Lo and behold, didn’t she write me this note just a few days ago: “I feel like we are living in a parallel universe as I sit here now in the same shoes you were in a few weeks ago. Rum Cay [Bahamas] got hit by [Hurricane] Joaquin and is currently in a state of devastation. I set up this Facebook page in hopes of communicating! https://www.facebook.com/rumcaycommunity

It is certainly a coincidence that we both profoundly felt the effects of life in the hurricane zone, even though we were both far away from it when the storms hit our respective adopted homes!

On weekends, my brother took me to several wonderful places and I am very grateful to have had the opportunity to explore new territory in my home province!

On my first Sunday in Canada this past June, he dragged this weary but

I think this is a Tohmson, but you can correct me if I am wrong!

I think this is a Thomson, but you can correct me if I am wrong!

I think this is A.J. Casson of the Group of Seven . Please let me know if I am wrong!

I think this is A.J. Casson of the Group of Seven . Please let me know if it belongs to one of the others in the Group of Seven!

interested traveller to the McMichael Canadian Art Gallery at Kleinburg, Ontario.  There, I took in for the first time, the incredible, renowned paintings of the famous ‘Group of Seven‘, along with Tom Thomson, First Nations and Inuit artists. If you want to have an overview  contemporary of Canadian styles, then this is the place to go!   I thoroughly enjoyed this gentle introduction back to my homeland.

A few months later, in mid-September Edwin took me to Kleinburg again.  But this time, we checked out the annual Binder

At the Binder Twine Festival, these musicians played some sweet down-home music.

At the Binder Twine Festival, these musicians played some sweet down-home music.

Twine Festival, which signals the start of the harvest in the Greater Toronto Area!  It’s been around since the 19th century, and certainly

This stiltwalker got lots of attention, even when he wasn't juggling at the Binder Twine Festival.

This stiltwalker got lots of attention, even when he wasn’t juggling at the Binder Twine Festival.

draws a crowd from the big city.  While we were disappointed not to see any  large farm animals, I did enjoy looking at handmade quilts, and watching some local performers right on the street.

I also spent a little time in the quaint city of Orillia, an easy half hour north Barrie.  It’s 19th century setting has a small town feel to it, and there are a number of appealing shops and restaurants that draw cottagers, tourists and locals every summer. I was also fortunate to see my longtime naturopathic physician and friend  Dr. Shawna Clark, N.D. as her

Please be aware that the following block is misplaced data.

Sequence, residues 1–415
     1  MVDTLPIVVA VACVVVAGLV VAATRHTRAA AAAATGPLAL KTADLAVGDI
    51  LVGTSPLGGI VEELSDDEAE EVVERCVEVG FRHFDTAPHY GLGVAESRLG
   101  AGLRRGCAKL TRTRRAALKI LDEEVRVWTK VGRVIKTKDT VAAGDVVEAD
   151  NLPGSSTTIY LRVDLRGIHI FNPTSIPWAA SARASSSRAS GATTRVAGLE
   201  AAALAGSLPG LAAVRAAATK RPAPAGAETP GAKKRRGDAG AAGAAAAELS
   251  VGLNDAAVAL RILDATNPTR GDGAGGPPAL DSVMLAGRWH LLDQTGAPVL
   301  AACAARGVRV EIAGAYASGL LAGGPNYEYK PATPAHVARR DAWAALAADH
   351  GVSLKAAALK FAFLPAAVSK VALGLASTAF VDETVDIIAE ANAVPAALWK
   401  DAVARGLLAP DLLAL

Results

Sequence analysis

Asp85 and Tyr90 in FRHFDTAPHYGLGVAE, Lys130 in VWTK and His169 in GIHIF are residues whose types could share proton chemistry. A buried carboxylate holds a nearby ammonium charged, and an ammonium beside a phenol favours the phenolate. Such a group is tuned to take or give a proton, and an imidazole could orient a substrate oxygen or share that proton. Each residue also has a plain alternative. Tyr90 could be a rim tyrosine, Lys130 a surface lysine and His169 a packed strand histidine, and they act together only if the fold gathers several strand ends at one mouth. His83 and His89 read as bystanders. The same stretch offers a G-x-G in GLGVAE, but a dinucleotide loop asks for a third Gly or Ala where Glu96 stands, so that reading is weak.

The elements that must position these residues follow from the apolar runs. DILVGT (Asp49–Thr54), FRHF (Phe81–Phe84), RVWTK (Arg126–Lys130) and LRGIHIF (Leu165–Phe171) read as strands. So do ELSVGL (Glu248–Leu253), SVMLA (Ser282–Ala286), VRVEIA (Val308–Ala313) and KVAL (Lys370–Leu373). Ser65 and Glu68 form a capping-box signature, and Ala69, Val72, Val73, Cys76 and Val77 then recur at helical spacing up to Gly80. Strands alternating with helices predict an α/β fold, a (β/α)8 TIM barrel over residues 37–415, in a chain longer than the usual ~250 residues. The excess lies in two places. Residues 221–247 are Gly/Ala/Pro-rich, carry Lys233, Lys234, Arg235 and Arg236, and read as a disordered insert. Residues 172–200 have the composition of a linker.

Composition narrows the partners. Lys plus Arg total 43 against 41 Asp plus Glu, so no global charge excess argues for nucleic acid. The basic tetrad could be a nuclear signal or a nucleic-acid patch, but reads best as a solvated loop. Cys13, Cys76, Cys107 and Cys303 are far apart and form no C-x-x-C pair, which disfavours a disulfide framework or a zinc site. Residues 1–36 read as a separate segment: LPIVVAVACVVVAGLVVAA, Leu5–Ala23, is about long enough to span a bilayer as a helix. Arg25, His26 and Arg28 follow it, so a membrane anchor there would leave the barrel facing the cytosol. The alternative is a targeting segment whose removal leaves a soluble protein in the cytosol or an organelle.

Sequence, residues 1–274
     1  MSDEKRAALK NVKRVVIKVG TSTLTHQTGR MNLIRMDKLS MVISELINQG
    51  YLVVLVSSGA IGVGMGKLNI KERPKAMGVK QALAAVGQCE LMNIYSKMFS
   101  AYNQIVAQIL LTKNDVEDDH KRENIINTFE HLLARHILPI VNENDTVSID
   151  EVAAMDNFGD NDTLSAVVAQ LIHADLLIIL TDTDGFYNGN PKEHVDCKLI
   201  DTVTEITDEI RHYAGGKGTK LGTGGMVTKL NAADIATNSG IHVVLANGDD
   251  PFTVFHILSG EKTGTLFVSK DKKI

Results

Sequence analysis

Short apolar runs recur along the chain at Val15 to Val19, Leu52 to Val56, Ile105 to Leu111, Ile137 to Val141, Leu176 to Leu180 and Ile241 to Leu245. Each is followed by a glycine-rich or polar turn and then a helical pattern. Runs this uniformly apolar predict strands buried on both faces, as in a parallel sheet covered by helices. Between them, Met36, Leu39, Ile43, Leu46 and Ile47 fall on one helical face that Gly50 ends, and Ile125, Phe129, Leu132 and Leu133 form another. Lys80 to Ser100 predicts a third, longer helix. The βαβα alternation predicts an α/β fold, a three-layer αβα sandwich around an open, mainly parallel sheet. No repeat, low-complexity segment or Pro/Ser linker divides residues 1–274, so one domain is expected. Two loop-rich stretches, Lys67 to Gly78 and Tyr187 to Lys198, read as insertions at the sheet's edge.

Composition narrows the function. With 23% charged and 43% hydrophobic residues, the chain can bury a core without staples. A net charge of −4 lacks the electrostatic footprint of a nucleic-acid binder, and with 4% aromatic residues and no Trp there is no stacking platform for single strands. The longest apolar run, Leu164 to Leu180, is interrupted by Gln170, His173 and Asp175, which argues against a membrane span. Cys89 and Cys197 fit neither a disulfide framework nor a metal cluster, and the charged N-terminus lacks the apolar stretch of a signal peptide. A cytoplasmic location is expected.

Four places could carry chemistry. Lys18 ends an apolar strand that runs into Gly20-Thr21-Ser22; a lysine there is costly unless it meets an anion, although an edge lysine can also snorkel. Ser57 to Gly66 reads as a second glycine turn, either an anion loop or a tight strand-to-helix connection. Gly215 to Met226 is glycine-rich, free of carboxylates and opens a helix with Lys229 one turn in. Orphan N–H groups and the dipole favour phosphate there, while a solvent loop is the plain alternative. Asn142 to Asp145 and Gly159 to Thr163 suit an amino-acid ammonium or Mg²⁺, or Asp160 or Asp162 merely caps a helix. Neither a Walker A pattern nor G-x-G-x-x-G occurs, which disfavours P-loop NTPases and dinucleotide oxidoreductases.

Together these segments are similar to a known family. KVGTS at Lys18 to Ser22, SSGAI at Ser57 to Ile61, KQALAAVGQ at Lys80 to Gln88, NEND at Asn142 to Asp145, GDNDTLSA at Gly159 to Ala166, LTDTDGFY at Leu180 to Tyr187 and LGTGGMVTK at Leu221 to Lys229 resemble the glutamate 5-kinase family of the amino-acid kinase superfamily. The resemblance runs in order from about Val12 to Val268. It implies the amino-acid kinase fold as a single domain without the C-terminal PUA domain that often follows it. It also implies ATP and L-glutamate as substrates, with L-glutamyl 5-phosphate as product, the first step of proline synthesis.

Dr. Shawna Clark, N.D. has been my naturopathic physician for over 18 years. She has helped me to have an improved quality of life and I don't know what I would do without her guidance and treatment advice!

Dr. Shawna Clark, N.D. has been my naturopathic physician for over 18 years. She has helped me to have an improved quality of life and health. I don’t know what I would do without her guidance and treatment advice!

office is conveniently located in this pretty hamlet on the shores of Lake Simcoe. In fact, it was tremendously helpful for me to be able to see her in person three times over this long lovely summer.  Her counselling and recommended nutritional support with supplements, along with homeopathic remedies enabled me to cope well with my persistent environmental health challenges.

On Canada Day (July 1st), I convinced my brother to take the half hour drive ‘up the road’ to  see the parade in Orillia.  Last year, I had enjoyed the spectacle in the booming city of Halifax, my favourite east coast port. I was curious to see how a smaller central Canadian centre would celebrate our big national day.

 A number if vintage autos formed part of the Canada Day 2015 parade in Orillia, Ontario.

A number of vintage autos formed part of the Canada Day 2015 parade in Orillia, Ontario.

When we arrived, the parade hadn’t yet started, so we had lunch at Mariposa Market Café, a great place for good food and Canadian-style gifts. Then we heard the drums.  We rushed out to line the street with other enthusiastic patriots.  Although it was low-key and rather short, the spirit of the day prevailed, and its country-

Ponies and horses adorned with riders and flags filled the main street of Orillia during its Canada Day parade.

Ponies and horses adorned with riders and flags filled the main street of Orillia during its Canada Day parade.

flair, with plentiful horses and antique autos adorned with Canadian flags made me proud of my heritage,